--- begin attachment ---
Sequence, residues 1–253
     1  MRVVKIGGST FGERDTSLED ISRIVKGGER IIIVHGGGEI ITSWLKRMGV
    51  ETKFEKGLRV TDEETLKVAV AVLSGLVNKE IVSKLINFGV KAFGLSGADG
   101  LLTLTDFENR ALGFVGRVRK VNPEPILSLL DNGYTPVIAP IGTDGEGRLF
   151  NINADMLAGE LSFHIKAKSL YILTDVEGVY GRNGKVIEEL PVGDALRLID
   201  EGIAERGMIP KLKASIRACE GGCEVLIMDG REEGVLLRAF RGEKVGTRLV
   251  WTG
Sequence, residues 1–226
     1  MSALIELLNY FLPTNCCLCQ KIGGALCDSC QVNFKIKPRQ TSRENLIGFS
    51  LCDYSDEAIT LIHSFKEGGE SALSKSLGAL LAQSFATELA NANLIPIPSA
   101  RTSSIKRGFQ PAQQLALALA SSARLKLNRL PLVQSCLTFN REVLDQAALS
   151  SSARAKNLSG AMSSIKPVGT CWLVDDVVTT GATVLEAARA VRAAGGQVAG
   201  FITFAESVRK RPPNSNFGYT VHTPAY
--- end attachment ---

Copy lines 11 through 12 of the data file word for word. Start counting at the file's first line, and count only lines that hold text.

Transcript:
   101  RTSSIKRGFQ PAQQLALALA SSARLKLNRL PLVQSCLTFN REVLDQAALS
   151  SSARAKNLSG AMSSIKPVGT CWLVDDVVTT GATVLEAARA VRAAGGQVAG